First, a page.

Why beer marketing is suddenly full of fitness-themed ads and giveaways
Anheuser-Busch InBev and Molson Coors—which for years have battled for attention at bars—lately seem just as interested as luring drinkers from athletic fields and jogging trails.
The latest run at running drinkers comes from AB InBev’s Michelob Ultra, which promises to give consumers free beer if they submit proof of miles run, or evidence of other athletic pursuits, from yoga to bodybuilding. People ages 21 and up who upload selfies or their workout, or screenshots from a fitness app, will get a digital prepaid card of $5 that can be applied toward—what else?—an Ultra. To plug the program, called “Ultra Beer Run,” the brand is sending representatives to popular running spots in New York and Chicago to hand out brand swag and sign joggers up in the program.
The brand is plugging the initiative with an ad from Wieden+Kennedy New York that shows a woman treating herself with a beer after a sweaty run.
Ultra has long pushed the low-cal beer as a reward for athletic pursuits, dating back to the days when its ads featured cyclist Lance Armstrong living the “Ultra Life,” before his doping downfall. But in recent weeks, Ultra has been met on the jogging trail by Molson Coors, which has made fitness-related pitches a key part of its campaign for the new Coors Pure, a variety of brew marketed as USDA-certified organic.
Molson Coors debuted Pure last month with a marketing stunt that asked drinkers to go for a jog by following their own beer-shaped route. The brew gave away $15 prepaid Mastercards for anyone who submitted a screenshot of their route captured via a running app. The campaign was called “Beer Run,” similar to Ultra’s. That was followed up with ads that broke earlier this month from Droga5 that stars comedian Ali Wong as a talking beer can praising drinkers for engaging in common athletic pursuits such as going for a bike ride or a run.
The new fitness-inspired marketing from the nation’s two largest brewers uses the kind of work-reward tactic long deployed by beer brands. Remember the testosterone-fueled “Head for the Mountains of Busch” campaign from decades ago that showed steer-wrestling cowboys ending their day in a bar?
These days, brands have to be a lot more gender-neutral, and also feed into more modern pastimes, including jogging and yoga. Cowboys are out; cat-cow poses are in.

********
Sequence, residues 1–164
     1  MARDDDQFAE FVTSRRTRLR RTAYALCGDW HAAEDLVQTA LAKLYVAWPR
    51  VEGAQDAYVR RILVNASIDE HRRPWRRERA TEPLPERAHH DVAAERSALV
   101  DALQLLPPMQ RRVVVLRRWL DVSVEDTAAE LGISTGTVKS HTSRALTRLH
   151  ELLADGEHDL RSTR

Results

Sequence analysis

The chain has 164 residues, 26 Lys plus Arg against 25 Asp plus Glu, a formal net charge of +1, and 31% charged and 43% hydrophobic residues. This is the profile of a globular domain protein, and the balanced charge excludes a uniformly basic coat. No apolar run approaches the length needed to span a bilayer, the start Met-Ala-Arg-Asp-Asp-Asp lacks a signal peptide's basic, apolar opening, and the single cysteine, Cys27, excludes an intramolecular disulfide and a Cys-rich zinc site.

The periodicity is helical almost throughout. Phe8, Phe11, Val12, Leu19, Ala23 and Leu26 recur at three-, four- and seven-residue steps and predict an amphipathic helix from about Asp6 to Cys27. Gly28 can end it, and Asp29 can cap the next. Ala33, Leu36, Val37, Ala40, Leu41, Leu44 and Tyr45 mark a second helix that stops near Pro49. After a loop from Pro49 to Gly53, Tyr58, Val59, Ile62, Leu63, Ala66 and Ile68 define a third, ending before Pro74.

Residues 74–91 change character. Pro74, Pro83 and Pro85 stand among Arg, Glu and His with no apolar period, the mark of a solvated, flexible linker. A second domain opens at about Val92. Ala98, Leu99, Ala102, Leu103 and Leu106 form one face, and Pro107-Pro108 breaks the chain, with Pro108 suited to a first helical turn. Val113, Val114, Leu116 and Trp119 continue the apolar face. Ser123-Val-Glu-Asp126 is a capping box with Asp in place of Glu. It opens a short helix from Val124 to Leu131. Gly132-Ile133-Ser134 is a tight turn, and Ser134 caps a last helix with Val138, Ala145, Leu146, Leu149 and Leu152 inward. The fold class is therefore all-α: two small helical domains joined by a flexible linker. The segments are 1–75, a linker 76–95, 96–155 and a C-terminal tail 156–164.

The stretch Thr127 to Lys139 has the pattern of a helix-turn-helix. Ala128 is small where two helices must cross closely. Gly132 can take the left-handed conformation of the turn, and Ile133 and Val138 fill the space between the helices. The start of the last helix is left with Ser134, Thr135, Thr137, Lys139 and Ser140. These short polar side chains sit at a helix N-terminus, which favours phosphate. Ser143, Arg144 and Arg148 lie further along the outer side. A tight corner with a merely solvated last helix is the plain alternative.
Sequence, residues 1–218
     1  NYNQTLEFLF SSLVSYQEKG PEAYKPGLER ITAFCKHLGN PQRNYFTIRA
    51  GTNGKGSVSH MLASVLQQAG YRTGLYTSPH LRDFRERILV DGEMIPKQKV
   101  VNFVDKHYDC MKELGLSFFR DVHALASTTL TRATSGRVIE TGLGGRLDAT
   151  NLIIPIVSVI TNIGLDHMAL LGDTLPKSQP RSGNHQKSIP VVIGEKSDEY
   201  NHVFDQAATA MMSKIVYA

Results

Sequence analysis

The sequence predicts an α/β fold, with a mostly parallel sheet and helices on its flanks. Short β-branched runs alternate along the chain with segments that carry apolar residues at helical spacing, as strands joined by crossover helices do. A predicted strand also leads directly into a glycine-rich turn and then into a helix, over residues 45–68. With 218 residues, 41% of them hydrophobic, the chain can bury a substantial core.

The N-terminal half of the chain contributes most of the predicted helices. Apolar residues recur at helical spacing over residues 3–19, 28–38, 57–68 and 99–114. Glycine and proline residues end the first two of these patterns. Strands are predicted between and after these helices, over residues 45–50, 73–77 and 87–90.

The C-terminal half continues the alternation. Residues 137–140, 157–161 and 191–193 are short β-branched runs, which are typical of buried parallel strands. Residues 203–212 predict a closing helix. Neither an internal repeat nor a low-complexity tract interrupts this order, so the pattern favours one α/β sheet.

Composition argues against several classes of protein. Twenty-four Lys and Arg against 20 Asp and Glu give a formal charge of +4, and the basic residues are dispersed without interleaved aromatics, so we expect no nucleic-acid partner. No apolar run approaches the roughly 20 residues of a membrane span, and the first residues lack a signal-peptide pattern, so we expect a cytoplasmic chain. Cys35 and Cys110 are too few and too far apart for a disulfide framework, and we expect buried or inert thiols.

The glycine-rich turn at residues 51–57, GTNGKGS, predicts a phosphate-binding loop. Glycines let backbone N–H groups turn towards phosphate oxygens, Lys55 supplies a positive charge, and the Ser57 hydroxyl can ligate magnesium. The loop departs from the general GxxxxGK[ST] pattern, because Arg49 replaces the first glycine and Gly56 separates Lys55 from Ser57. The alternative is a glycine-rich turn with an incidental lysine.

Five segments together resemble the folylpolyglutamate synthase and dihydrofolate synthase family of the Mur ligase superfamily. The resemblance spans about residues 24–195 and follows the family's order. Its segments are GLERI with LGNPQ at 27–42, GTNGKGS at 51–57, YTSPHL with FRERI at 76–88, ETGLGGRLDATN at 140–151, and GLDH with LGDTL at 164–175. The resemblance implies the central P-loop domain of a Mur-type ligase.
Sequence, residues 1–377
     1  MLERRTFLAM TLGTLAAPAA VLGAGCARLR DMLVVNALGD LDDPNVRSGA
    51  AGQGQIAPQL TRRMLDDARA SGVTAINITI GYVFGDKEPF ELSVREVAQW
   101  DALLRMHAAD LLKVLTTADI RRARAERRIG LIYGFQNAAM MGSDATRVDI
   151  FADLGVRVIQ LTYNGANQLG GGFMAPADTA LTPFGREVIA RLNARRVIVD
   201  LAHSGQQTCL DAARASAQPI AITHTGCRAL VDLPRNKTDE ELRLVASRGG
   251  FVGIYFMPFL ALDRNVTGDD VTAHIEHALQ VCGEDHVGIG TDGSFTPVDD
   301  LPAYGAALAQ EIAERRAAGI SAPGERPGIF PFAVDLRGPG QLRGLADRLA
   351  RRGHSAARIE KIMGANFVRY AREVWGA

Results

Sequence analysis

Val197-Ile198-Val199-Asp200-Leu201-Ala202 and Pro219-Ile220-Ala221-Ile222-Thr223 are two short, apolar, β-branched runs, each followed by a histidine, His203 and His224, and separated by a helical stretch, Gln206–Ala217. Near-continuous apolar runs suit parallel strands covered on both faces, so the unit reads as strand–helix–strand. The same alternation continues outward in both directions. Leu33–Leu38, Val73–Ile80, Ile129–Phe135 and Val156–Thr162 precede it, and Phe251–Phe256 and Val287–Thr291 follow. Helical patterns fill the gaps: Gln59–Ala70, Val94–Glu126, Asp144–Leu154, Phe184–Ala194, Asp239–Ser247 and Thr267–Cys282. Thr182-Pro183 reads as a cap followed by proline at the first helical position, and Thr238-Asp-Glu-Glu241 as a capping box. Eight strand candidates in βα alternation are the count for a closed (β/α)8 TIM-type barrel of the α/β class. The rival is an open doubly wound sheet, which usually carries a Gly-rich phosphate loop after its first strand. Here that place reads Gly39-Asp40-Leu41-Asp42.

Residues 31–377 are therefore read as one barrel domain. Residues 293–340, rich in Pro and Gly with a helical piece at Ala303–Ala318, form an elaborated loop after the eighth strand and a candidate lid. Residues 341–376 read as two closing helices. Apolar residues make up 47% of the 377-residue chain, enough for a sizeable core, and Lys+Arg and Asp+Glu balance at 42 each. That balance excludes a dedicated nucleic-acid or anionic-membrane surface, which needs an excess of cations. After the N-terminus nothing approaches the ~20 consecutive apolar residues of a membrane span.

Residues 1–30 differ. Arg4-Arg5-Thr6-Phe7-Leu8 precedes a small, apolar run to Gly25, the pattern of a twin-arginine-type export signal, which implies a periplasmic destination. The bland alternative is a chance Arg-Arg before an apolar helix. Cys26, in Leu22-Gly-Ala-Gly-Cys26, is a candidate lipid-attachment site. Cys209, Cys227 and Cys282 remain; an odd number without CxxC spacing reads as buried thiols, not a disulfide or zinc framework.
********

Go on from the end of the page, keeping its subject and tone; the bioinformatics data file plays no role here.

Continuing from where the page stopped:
Balancing indulgence with wellness
Young people “are really balancing indulgence with health and wellness,” says Duane Stanford, editor and publisher of Beverage Digest. “They are perfectly willing to go out and drink on a weekend night, and then really eat well the rest of the week. So they are banking their calories ... there is an opportunity for beer companies to say, ‘let me be the brand that you indulge with,’ but also we are going to give you a workable indulgence because we are going to cut the calories, cut the carbs and give you flavor.”
There is another trend behind the new beer campaigns—the need to meet people where they are: With bars still slowly reopening amid the pandemic, the running programs are a way to move experiential marketing out of indoor watering holes and into the outdoors.
“As the world begins to safely reopen, Michelob Ultra’s Beer Run looks forward to people being active together and rewarding them for doing so with a refreshing beer after a run or workout,” Ricardo Marques, VP of marketing for Ultra, said in a statement.
The new campaign has another aim—which is to pump AB InBev’s loyalty program. To get the prepaid $5 cards, participants must sign up at the brewer’s “MyCooler” app, which debuted in early 2020 and allows consumers to earn swag in exchange for consenting to having the brewer use personal information for electronic product and marketing targeting. The brewer has increasingly plugged the app in its marketing, including as a vehicle to enter Bud Light’s “Summery Stimmy,” which gives away some $10 million with of prizes, including sports tickets.
The brewer is among a host of marketers putting more emphasis on these types of loyalty programs in preparation for a cookie-less future in which first-party data is becoming more important.
Alissa Heinerscheid, VP of direct-to-consumer marketing for AB InBev, in a statement to Ad Age said MyCooler was “built around the insight that consumers are looking to engage with content, merchandise, and e-commerce across our full portfolio of brands. Through the program, we are building deep connections between consumers and our brands by offering personalized content and unique, compelling experiences and merchandise.”